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Hardcover The Blind Assassin Book

ISBN: 0385475721

ISBN13: 9780385475723

The Blind Assassin

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Format: Hardcover

Condition: Good

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Book Overview

Margaret Atwood takes the art of storytelling to new heights in a dazzling new novel that unfolds layer by astonishing layer and concludes in a brilliant and wonderfully satisfying twist. For the past twenty-five years, Margaret Atwood has written works of striking originality and imagination. In The Blind Assassin , she stretches the limits of her accomplishments as never before, creating a novel that is entertaining and profoundly serious. The novel...

Customer Reviews

4 ratings

Atwood's Booker is no 'blind attempt'!

Not having read the other nominees, I can't compare, but the announcement that "The Blind Assassin" by Margaret Atwood has won this year's Booker Prize, I am not surprised. Atwood, having already written over a dozen novels, poetry, children's books, and some non-ficition, comes through with her latest in grand manner. A prolific writer she is indeed. That said, "The Blind Assassin" is an adventure--not to mention quite an ambitious undertaking--to read. Included in her convoluted plot line is a "novel within a novel" (see Reginald Hill's "Arms and the Women"!)--so be prepared to pay attention. Atwood's style of writing, however, is anything but convoluted; it is straight forward, but complicated, with expertly created characters. The book is told by Iris who recounts her sister's death in Toronto in 1945, when she drives her car off a bridge. The inquest indicates that the death is accidental. Then Atwood introduces us to her "novel within a novel" entitled "The Blind Assassin." Told by a pair of anonymous lovers, the book stretches into science fiction--absorbing on its own as an intriguing story! What seems amazing about this work is the expert craftsmanship that Atwood possesses (and presemts), although, given her reputation, that is not surprising. She also captures the 1930s-40s atmosphere quite well, too! The novel is tiered, and the author explores each level, one by one, until the final pages. With her themes of greed, love, and (inevitably) revenge, the story is right out of the Greek tragedies (well, actually, not, as "tragic" is not really exploited!). Be prepared to spend some time with this work--but it will be time well spent. What an intriguing novel! (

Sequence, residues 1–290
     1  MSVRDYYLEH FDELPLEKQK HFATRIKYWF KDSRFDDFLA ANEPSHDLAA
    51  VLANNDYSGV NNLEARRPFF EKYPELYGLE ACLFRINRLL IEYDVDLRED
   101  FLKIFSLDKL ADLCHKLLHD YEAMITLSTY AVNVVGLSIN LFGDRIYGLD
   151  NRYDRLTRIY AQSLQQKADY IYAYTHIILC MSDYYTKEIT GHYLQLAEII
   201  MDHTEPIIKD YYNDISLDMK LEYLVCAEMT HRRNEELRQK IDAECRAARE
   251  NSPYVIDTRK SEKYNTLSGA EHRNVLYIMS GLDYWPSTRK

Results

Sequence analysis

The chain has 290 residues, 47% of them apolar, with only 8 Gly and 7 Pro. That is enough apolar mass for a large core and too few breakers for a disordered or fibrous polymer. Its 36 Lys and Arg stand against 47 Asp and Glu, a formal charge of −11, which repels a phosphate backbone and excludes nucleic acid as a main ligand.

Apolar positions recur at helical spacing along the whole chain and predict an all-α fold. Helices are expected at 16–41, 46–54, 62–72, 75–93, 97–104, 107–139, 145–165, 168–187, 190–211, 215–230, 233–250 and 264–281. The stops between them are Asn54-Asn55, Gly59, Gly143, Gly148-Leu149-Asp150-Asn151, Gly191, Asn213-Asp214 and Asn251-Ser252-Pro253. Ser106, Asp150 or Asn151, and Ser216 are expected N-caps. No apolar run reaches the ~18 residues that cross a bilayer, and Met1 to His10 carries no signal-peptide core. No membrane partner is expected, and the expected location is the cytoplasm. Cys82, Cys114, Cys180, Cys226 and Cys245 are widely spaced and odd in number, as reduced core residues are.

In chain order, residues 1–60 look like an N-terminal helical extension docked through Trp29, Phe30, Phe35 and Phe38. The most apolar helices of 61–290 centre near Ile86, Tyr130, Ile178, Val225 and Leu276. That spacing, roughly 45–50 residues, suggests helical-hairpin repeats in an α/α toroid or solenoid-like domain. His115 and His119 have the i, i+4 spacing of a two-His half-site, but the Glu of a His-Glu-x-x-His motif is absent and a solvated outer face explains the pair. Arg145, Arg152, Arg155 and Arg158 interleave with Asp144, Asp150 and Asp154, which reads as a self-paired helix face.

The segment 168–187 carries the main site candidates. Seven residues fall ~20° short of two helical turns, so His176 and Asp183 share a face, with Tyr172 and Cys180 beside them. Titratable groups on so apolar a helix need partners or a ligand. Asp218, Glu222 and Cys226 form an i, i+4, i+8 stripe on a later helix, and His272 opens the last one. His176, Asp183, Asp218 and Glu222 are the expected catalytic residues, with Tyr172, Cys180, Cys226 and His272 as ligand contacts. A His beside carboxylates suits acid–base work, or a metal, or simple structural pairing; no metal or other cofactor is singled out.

If this book doesn't win the Booker Prize....

If this book doesn't win the Booker Prize, then Margaret Atwood will never get to give Thomas Mallon his much-deserved comeuppance for the snide review he wrote of it for the New York Times Book Review. Because I respect Mallon and have enjoyed more than one of his books, I took this review to heart (fool that I am), wasting several weeks before discovering for myself how much fun I've been missing out on! Perhaps, however, Mallon was just playing the role of "The Blind Assassin" when he wrote it. Because of the number of excellent plot summaries already posted here, I'll save the space and not repeat them. Atwood's female characters here are as complex and intriguing as they are in Cat's Eye. Her descriptions are so specific that every aspect of the setting comes vibrantly to life, and it is easy to imagine every detail (yes, even the much maligned simile of a loaf of bread as bland-tasting "as an angel's buttock"). The plot evolves on three distinct, but parallel, plains, giving a triple whammy to Atwood's themes, while several different time frames keep the story full of mystery and excitement. Best of all, Atwood brings all the threads of the story together for a truly thrilling, rock 'em, sock 'em grand finale. If you've been wondering why the odds are so good that Atwood will win the Booker, read the book. This will certainly NOT be a consolation prize! Mary Whipple